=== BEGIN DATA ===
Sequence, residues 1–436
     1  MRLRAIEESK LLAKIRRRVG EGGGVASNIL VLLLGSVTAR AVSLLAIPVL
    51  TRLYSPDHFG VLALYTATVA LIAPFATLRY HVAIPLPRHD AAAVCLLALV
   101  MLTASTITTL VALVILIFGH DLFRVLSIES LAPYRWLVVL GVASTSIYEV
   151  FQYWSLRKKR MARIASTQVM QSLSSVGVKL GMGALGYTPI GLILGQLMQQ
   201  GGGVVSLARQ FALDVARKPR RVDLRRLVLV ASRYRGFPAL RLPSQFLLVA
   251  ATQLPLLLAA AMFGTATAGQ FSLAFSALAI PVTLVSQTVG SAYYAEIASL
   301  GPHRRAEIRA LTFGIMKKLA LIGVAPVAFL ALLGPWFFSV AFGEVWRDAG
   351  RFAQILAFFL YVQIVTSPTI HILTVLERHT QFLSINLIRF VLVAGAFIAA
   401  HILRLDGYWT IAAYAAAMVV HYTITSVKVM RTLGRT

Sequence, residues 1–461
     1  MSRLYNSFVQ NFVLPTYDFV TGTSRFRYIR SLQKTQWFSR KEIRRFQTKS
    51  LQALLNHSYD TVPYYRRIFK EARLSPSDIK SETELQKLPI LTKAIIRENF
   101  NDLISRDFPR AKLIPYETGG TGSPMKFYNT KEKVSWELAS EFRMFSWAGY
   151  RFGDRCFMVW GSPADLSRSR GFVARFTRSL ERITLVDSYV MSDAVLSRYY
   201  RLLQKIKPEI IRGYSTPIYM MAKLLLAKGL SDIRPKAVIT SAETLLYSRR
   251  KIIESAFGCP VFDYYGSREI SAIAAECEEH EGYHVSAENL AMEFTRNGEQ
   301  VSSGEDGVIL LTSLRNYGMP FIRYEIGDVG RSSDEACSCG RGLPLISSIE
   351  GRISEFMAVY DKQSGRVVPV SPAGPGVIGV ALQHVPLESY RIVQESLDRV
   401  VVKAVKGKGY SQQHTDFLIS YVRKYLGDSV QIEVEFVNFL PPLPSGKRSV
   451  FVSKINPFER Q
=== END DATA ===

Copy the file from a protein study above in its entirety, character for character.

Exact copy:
Sequence, residues 1–436
     1  MRLRAIEESK LLAKIRRRVG EGGGVASNIL VLLLGSVTAR AVSLLAIPVL
    51  TRLYSPDHFG VLALYTATVA LIAPFATLRY HVAIPLPRHD AAAVCLLALV
   101  MLTASTITTL VALVILIFGH DLFRVLSIES LAPYRWLVVL GVASTSIYEV
   151  FQYWSLRKKR MARIASTQVM QSLSSVGVKL GMGALGYTPI GLILGQLMQQ
   201  GGGVVSLARQ FALDVARKPR RVDLRRLVLV ASRYRGFPAL RLPSQFLLVA
   251  ATQLPLLLAA AMFGTATAGQ FSLAFSALAI PVTLVSQTVG SAYYAEIASL
   301  GPHRRAEIRA LTFGIMKKLA LIGVAPVAFL ALLGPWFFSV AFGEVWRDAG
   351  RFAQILAFFL YVQIVTSPTI HILTVLERHT QFLSINLIRF VLVAGAFIAA
   401  HILRLDGYWT IAAYAAAMVV HYTITSVKVM RTLGRT

Sequence, residues 1–461
     1  MSRLYNSFVQ NFVLPTYDFV TGTSRFRYIR SLQKTQWFSR KEIRRFQTKS
    51  LQALLNHSYD TVPYYRRIFK EARLSPSDIK SETELQKLPI LTKAIIRENF
   101  NDLISRDFPR AKLIPYETGG TGSPMKFYNT KEKVSWELAS EFRMFSWAGY
   151  RFGDRCFMVW GSPADLSRSR GFVARFTRSL ERITLVDSYV MSDAVLSRYY
   201  RLLQKIKPEI IRGYSTPIYM MAKLLLAKGL SDIRPKAVIT SAETLLYSRR
   251  KIIESAFGCP VFDYYGSREI SAIAAECEEH EGYHVSAENL AMEFTRNGEQ
   301  VSSGEDGVIL LTSLRNYGMP FIRYEIGDVG RSSDEACSCG RGLPLISSIE
   351  GRISEFMAVY DKQSGRVVPV SPAGPGVIGV ALQHVPLESY RIVQESLDRV
   401  VVKAVKGKGY SQQHTDFLIS YVRKYLGDSV QIEVEFVNFL PPLPSGKRSV
   451  FVSKINPFER Q